I remember reading a book around 10-12 years ago about a crew on a spaceship which was in danger of crashing into a either a black-hole or a white dwarf / some other star. The book was semi-humorous in tone, with some comedic characters, but I remember there being some fairly brutal murders (or at least to my young mind they were)

The main plot elements I can remember are:

  • The ship is constructed in Antarctica, possibly using a space ladder
  • The ship is able to react to damage it receives (can repair a bullet hole in glass) and is possibly called the Mayflower or Mayflower II
  • The main character is incapacitated in some manner just after the ship departs, and wakes up several decades after the original flight, so all the members of the crew are different, and slightly mad from being in space their entire lives (and reduced gene pool?)
  • The ship is a wreck, with several engines stopping working and them due to crash
  • People on board the ship begin to be killed off, possibly due to a rogue robot on board killing people
  • At the end, the ship repairs itself and saves all those aboard, due to it's semi-sentience(?)
  • A space ladder at the pole? This book would have to be pretty funny to make me forgive that.
    – Beta
    Commented Nov 20, 2014 at 4:50
  • @Beta: It is. It includes a scene where the protagonist apologises to mob hitmen for not being the person they were trying to kill. Commented Nov 20, 2014 at 10:08

1 Answer 1


This is "Colony" by Rob Grant, published in 2000. The book is a comedy/science-fiction novel by the co-creator of Red Dwarf.

  • The ship (the Willflower) is being constructed by "The Project" at the South Pole.

The energy required for take-off would split the planet in two. So it's being put together in orbit above the point of least spin: the South Pole.

It's tethered to the drowning Earth by the tallest structure in human history: the Hoist. The Hoist -- or, more romantically, the Stairway To Heaven -- is a giant elevator that ferries supplies and personnel to and from the ship.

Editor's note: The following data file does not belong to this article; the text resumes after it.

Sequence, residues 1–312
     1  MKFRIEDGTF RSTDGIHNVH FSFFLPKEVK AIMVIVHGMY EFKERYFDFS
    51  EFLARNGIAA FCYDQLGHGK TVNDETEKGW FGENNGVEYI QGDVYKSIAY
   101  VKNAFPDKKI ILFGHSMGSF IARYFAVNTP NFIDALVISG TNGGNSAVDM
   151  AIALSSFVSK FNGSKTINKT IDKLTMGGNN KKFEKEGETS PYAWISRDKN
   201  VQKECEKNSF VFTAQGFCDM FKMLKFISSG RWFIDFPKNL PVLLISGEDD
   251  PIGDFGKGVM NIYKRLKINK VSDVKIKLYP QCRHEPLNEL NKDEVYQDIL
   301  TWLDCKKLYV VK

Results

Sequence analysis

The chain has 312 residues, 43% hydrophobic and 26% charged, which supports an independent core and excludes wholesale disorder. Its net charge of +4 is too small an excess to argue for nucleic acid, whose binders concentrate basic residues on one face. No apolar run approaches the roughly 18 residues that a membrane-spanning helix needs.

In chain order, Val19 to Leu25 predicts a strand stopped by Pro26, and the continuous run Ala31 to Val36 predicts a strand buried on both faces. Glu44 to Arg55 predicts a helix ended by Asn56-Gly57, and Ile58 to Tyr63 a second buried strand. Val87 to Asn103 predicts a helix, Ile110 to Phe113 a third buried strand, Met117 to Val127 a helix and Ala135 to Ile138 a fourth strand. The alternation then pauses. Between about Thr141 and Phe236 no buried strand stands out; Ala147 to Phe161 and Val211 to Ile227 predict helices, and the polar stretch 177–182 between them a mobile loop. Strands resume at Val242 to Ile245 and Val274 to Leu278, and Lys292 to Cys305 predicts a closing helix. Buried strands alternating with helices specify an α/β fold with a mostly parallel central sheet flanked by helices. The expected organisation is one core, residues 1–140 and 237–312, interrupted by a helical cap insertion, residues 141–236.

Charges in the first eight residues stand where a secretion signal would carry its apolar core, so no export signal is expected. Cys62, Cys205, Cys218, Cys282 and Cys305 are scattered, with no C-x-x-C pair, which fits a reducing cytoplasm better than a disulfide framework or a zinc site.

• They're going to crash into a massive gas-giant

The ship is way off where Eddie expected it to be. Closer to the planet. Far too close. The massive pull of the gas giant is dragging the Willflower off course towards it. 'And in ninety-six hours...'


The Willflower has gone.

  • The main character is incapacitated after launch and is revived (as a head in a jar) some time after the launch.

  • The ship is indeed a wreck.

  • The main antagonist is a professional hitman paid to kill the hero, revived in the future using the same "head in a jar" technology and driven mad. He spends much of the latter part of the novel attempting to kill the crew (hat tip to @JamesSheridan)

  • I was going to post this. It's not a member of the original crew, however, who goes crazy, but a professional mob hitman who stowed away on the ship to kill the protagonist, Eddie. He was captured, mutilated, placed in stasis and later awoken by the illiterate future crew. Commented Nov 20, 2014 at 0:51
  • That sounds like the book. :) Commented Nov 20, 2014 at 7:58

Your Answer

By clicking “Post Your Answer”, you agree to our terms of service and acknowledge you have read our privacy policy.

Not the answer you're looking for? Browse other questions tagged or ask your own question.